In a bid to further understand the wonderful world of ebooks, I joined a couple of the more popular message boards. I have to say, I was warmly welcomed, but when the opportunity came up to weigh in on the subject of ebook quality – specifically, the notion that much of what is currently self published is sub-standard – I couldn’t help myself, and so I added a couple of cents to that discussion.
“It’s a golden age for self publishing, and I think too much of that shiny golden glare is getting into people’s eyes and causing them to have delusions of competence … I’ve tested myself against the market for years (although I operate largely in the shorter forms – stories and novellas), working with editors to learn, improve, and eventually, master my craft. Sadly, I think too many other self publishers out there don’t test themselves – or if they do and fail, many don’t take the hint.”
On a board full of indie self publishers, this went down like a lead balloon. One reply in particular caused me to really ponder where I was coming from as an author (but more on this later).
When it comes to discussing self publishing ebooks, there are some clear lines – the self publishers believe in themselves and their books (and good on ’em) and the traditional publishers, agents, and editors believe their approach is best (i.e. to act as gatekeepers and dictate what the reading public consume). There are a few unclear lines, too, such as the bewilderment a lot of print-published authors currently feel, and of course, the reading public, who are kind of going with the flow until publishing settles into a new long-term stable model.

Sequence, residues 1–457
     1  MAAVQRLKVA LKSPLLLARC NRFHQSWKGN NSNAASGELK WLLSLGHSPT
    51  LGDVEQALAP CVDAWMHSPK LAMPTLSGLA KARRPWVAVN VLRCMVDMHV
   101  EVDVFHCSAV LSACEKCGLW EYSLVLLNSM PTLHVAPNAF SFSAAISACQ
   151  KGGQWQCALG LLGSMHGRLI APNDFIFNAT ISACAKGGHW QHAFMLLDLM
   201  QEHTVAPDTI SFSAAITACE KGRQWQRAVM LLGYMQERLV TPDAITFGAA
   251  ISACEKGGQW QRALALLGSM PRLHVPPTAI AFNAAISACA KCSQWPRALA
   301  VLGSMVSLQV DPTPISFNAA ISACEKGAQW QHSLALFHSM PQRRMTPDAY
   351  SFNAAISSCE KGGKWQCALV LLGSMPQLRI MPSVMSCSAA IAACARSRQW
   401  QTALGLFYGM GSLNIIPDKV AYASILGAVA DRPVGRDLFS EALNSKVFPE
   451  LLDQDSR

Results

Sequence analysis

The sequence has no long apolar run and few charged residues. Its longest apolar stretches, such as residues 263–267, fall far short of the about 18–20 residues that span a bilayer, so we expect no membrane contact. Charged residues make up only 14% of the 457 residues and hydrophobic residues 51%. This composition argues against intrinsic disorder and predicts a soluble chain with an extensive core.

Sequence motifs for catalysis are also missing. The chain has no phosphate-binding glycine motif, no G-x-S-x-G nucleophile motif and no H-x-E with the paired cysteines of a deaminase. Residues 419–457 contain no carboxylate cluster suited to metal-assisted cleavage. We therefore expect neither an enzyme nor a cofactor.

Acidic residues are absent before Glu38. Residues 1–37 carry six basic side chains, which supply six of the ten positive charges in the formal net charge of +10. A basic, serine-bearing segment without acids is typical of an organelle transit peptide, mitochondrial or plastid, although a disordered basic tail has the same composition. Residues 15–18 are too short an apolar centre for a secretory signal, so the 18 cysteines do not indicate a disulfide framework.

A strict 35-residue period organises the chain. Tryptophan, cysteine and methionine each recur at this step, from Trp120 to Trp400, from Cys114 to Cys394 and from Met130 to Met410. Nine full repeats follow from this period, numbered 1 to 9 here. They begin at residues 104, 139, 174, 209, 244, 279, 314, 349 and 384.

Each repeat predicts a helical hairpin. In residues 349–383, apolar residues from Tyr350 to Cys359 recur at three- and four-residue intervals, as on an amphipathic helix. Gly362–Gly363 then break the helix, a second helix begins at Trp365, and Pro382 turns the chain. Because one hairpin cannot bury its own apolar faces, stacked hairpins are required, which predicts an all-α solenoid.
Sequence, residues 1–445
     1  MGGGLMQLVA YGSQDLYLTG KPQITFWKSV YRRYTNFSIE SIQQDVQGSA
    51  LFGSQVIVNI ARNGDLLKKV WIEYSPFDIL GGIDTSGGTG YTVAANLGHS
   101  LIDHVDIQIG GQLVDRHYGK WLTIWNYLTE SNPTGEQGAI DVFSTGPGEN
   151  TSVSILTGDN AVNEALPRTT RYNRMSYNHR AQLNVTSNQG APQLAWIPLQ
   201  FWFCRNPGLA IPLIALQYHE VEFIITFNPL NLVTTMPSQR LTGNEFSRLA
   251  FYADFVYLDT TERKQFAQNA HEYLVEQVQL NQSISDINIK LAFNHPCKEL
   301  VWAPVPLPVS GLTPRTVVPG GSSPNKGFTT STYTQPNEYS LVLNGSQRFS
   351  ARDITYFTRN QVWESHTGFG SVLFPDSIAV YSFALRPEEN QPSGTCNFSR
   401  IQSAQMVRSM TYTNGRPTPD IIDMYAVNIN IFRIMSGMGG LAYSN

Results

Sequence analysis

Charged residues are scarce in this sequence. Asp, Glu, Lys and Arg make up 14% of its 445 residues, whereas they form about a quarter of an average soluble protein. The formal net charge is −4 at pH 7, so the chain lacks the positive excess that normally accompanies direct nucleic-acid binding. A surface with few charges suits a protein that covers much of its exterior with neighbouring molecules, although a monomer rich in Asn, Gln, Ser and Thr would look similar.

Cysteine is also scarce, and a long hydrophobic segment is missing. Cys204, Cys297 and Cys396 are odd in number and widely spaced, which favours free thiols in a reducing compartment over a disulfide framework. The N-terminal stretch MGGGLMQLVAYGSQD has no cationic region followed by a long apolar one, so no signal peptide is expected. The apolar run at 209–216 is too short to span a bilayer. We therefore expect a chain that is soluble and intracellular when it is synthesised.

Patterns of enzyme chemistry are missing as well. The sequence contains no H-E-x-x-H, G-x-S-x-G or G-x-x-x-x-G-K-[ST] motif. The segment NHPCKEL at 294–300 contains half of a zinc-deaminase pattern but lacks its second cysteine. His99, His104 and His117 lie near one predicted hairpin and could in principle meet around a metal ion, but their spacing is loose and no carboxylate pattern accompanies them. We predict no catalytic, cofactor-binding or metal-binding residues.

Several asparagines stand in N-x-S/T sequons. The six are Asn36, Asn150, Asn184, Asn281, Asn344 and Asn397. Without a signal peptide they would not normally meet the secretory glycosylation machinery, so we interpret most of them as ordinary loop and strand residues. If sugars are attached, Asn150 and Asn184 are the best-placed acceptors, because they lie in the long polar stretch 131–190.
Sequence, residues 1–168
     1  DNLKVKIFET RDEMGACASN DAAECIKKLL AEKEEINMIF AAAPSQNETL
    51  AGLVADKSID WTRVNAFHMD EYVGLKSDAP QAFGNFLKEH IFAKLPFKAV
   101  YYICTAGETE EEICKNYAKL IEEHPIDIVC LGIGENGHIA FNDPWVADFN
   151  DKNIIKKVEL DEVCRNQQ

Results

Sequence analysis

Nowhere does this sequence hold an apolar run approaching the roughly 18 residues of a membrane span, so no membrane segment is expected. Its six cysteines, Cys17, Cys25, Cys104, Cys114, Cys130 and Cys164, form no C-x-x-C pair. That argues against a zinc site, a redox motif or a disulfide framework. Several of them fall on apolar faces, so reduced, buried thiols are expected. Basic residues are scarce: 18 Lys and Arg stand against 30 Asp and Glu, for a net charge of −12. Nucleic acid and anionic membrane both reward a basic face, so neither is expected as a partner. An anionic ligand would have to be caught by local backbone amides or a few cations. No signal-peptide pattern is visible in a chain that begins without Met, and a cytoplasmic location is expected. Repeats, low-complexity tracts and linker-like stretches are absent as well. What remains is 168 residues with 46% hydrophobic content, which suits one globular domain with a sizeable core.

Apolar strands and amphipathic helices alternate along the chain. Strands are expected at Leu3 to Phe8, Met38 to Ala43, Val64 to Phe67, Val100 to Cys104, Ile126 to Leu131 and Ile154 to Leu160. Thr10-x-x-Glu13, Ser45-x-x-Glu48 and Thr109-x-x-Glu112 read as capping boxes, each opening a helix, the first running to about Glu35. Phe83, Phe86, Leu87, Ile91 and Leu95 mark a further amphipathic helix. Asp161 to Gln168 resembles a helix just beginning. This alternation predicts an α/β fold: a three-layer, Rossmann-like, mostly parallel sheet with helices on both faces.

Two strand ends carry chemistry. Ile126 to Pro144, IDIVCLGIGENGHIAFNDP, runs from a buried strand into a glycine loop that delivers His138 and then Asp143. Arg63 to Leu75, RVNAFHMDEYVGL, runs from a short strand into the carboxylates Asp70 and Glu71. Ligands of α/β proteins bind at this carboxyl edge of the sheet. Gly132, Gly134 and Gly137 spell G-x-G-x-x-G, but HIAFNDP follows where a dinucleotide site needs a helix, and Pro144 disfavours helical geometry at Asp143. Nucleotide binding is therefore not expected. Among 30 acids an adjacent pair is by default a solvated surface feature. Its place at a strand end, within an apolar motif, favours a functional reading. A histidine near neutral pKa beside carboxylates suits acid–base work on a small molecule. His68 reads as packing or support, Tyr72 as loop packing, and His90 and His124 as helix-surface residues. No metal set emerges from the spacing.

In reading through the indie message boards, I gleaned that a lot of the indie authors object to the traditional ‘gatekeeper’ model. Some have tried that route and failed. Others have bypassed the gatekeeper model altogether.
I’ve always viewed those gatekeepers as the people against whom I should test myself. When I write a short story, for example, the first thing I do once it’s ready for publication is to submit it to a paying short story market (magazine or anthology). It’s a tried and true method, and although there are factors such as the editor’s tastes and the parameters of that particular market, the editors of such publications are fairly astute. They’ll reject stories that aren’t up to scratch because they’ve just read hundreds of other stories in the slush pile. They see the best and worst stories – and everything in between.
Taste aside, I believe many editors will acknowledge quality. If your story isn’t right for their publication, they will often say so in a rejection letter. Personalised rejections, often with helpful tips or praise, are one of the best tools a writer can possess. Even better, if your story is bought by the editor, you then benefit from the process of working with that editor to prepare the story for publication. The editing process exposes writers to the back end of publications – you see galleys and you’re part of the process. It’s a learning process, a building process, and it strengthens you as a writer.
Or as one commenter on the forum put it:
“Sometimes I think about the amazing opportunity this whole self-publishing gives us. There are no agents, no acquisition editors, no story editors, line editors, proof readers. There is no one to tell us that this book is flawed. There are no censors to tell us that you can’t publish that. Or worse, to politely decline our work without telling us why. It’s liberating, but it also should give us pause.”
Now, back to my original point. The response to my forum comment that started me thinking was this:
“This is a golden age for writers and readers and world culture as a whole. Forget worrying about quality or spending a minute writing about it; the self-sorting nature of the web pulls the good to the top much more efficiently than paper publishing ever could.”